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February 11, 2010

Single Step doping of Graphene

Applied Physics Letters - Single step, complementary doping of graphene

A single-step doping method capable of high resolution n- and p-type doping of large area graphene is presented. Thin films of hydrogen silsesquoxane on exfoliated graphene are used to demonstrate both electron and hole doping through control of the polymer cross-linking process. This dual-doping is attributed to the mismatch in bond strength of the Si–H and Si–O bonds in the film as well as out-gassing of hydrogen with increasing cross-linking. A high-resolution graphene p-n junction is demonstrated using this method

If this technique works for graphene (graphene with a lot of hydrogen) then other researchers have computed that p-dooped graphane would superconduct at 90 kelvin

So the combined work could accelerate graphene displacing silicon for electronics and computers and for a possibly superior superconducting material to be developed. The superconducting material (p-doped graphane) could also make vastly superior electronics.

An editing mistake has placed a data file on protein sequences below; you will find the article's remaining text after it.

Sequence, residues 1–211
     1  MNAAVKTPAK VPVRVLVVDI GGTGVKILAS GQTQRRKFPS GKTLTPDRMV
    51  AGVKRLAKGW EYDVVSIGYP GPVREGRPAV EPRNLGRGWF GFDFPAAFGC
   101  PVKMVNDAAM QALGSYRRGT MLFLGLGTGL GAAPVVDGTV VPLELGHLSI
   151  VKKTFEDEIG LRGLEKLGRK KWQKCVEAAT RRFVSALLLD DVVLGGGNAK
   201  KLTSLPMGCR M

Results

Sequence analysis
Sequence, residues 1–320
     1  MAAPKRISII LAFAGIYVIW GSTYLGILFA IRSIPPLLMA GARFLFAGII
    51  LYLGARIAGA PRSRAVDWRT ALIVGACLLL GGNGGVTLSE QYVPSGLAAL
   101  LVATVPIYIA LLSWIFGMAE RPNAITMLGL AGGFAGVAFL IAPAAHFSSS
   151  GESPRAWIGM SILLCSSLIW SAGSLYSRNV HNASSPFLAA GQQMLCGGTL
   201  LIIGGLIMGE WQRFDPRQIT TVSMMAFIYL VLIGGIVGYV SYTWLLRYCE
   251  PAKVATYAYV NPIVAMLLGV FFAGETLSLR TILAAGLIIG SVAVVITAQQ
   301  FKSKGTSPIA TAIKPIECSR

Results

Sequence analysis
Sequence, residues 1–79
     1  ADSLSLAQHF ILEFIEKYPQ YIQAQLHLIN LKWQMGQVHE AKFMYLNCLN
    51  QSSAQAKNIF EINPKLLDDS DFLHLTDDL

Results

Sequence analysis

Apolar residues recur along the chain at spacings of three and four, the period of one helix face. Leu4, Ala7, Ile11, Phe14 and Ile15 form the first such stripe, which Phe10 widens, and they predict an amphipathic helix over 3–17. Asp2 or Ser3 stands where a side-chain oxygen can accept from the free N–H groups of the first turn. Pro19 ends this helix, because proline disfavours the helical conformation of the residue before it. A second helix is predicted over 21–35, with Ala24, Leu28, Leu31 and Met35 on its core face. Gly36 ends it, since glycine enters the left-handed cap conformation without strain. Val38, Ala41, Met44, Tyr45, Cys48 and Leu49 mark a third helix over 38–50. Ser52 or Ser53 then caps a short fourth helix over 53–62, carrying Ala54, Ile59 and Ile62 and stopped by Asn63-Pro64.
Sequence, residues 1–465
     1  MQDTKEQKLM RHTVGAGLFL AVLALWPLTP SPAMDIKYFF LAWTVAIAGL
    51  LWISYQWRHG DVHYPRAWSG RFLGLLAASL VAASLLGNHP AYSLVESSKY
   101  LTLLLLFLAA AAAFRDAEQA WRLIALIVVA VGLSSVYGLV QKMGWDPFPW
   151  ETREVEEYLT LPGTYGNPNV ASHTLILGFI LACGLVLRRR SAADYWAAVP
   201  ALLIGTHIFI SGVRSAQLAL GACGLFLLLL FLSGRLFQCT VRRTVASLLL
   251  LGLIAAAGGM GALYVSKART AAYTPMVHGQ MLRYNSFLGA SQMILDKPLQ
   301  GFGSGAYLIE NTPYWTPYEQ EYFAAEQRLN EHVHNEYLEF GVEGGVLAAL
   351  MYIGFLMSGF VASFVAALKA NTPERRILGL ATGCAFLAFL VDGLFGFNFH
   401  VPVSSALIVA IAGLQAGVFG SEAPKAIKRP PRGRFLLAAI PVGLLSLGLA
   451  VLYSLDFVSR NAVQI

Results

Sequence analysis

Eurakalert has the press release

By applying a commercially-available spin-on-glass (SOG) material to graphene and then exposing it to electron-beam radiation, researchers at the Georgia Institute of Technology created both types of doping by simply varying the exposure time. Higher levels of e-beam energy produced p-type areas, while lower levels produced n-type areas.

For doping bulk areas such as interconnects that do not require patterning, the researchers simply coat the area with HSQ and expose it to a plasma source. The technique can make the nanoribbons up to 10 times more conductive than untreated graphene.



The technique was used to fabricate high-resolution p-n junctions. When properly passivated, the doping created by the SOG is expected to remain indefinitely in the graphene sheets studied by the researchers.

"This is an enabling step toward making possible complementary metal oxide graphene transistors," said Raghunath Murali, a senior research engineer in Georgia Tech's Nanotechnology Research Center.




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